Just a week separated the signings of Theo Walcott and Abou Diaby by Arsenal in January 2006. French midfielder Diaby was purchased from Auxerre for £2million, with a 16-year-old Walcott arriving from Southampton seven days later. With Diaby’s release from his contract at the end of last season after making 180 appearances in nine years, Walcott replaced him as Arsenal’s longest-serving player. There does not exist a more fitting match in the Premier League. Considering Arsenal’s perennial struggles with injuries, the Emirates Stadium is the perfect home for Walcott. The forward has suffered 15 separate injuries over a decade of service for Arsenal, missing 109 games in total. After going injury-free for his first one-and-a-half seasons at the club, injury has befallen Walcott in every campaign since 2007/08. The 26-year-old is also constantly discussed in measures of ‘promise’ and ‘the future’, despite now boasting ten years of top-flight experience – with one FA Cup to show for it. In truth, Walcott is capable of moments of excellence, but is far too flawed to be consistently great. Does that remind you of a particular team?
With his goal against Norwich on Saturday, the name ‘Gabby Agbonlahor’ was scribbled onto the scoresheet for the first time in 11 months. It was his first goal in 20 games; he is a striker. Or at least he claims to be. Over the past five-and-a-half seasons, the 29-year-old has scored 28 Premier League goals. Sergio Aguero scored 26 alone last campaign.
Agbonlahor represents a throwback to the Aston Villa of old – he is the last remnant of the side which finished three consecutive sixth-place Premier League finishes from 2007 to 2010. But he now embodies a side which sits bottom of the top flight due to an over-reliance on experience. Kieran Richardson and Scott Sinclair have been two of the club’s poorest performers this season. Joleon Lescott may be their third-top goalscorer this season, but he too has struggled. The England international – yes, that happened – was once good enough for this league, but now lacks the requisite quality to be a success.
With Frank Lampard, Jose Mourinho, Didier Drogba and Petr Cech having departed Stamford Bridge in recent seasons, one man remains. One captain; one leader; one legend. One John Terry.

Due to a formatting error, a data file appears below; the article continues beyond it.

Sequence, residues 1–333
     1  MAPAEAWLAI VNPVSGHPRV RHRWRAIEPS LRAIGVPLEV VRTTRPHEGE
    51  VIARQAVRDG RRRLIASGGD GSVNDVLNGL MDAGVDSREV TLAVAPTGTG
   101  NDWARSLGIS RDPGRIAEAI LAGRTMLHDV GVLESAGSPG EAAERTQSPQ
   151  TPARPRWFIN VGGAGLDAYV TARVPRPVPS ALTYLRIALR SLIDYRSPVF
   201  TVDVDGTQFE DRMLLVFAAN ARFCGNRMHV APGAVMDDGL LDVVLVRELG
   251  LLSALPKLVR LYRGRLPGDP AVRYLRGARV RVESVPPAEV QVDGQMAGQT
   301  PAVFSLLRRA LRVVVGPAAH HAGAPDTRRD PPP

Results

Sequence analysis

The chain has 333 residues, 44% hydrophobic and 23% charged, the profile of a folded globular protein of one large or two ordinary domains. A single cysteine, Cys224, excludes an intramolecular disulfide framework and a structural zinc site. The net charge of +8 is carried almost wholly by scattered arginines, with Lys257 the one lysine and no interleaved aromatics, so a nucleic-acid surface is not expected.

The 35-year-old has suffered an understandable regression in form of late, personified by the club’s current unwillingness to guarantee an extension on his current contract. But that should not retract from the Terry that was. Chelsea’s finest sides have been built on a sheer ruthlessness, a stoic defence. Chelsea’s finest sides have been built around Terry. He captained the Blues to their first Premier League triumph in 2005, with the club conceding a record low 15 goals in 38 games. A decade later, the former England international skippered Chelsea to their fifth top-flight title, with Terry playing every single minute. He was only the second outfielder to do so for a title-winning side. Chelsea are remembered more for their machine-like efficiency than their free-flowing football. No player embodies that more than Terry.
Not only does Wayne Rooney embody ‘the United way’, but the current club captain epitomises the side under Louis van Gaal. Past Manchester United sides have been built on hard work, aggression and sacrifice, intertwined with an innate technical ability. In his prime, no player boasted such attributes as Rooney. But as time has passed and Manchester United have entered a period of transition, so has their captain. The two have changed almost simultaneously, both becoming shadows of what they once were. Both were once among the world’s elite but are no longer, and both are still capable of brilliance. Unfortunately for Rooney and his club, that has become the exception to the rule.
In Premier League terms, only John Terry and Tony Hibbert have served their respective clubs for longer than Steven Taylor has at Newcastle. The central defender made his St James’ Park debut in 2004, and is one of just four players who have been in Newcastle’s squad since before 2010 (along with Tim Krul, Paul Dummett and Fabricio Coloccini). Taylor, out of contract in the summer, represents a defence which has been neglected. Over the past three seasons, Newcastle have signed 18 players: one keeper, three defenders, eight midfielders and six strikers. The club’s back line has been largely ignored by first Alan Pardew and now Steve McClaren. Since the start of the 2013/14 season, Newcastle have conceded 166 goals, more than any other side. Taylor himself is hardly making a case for the defence; he has started more than 20 Premier League games just once in the past five seasons.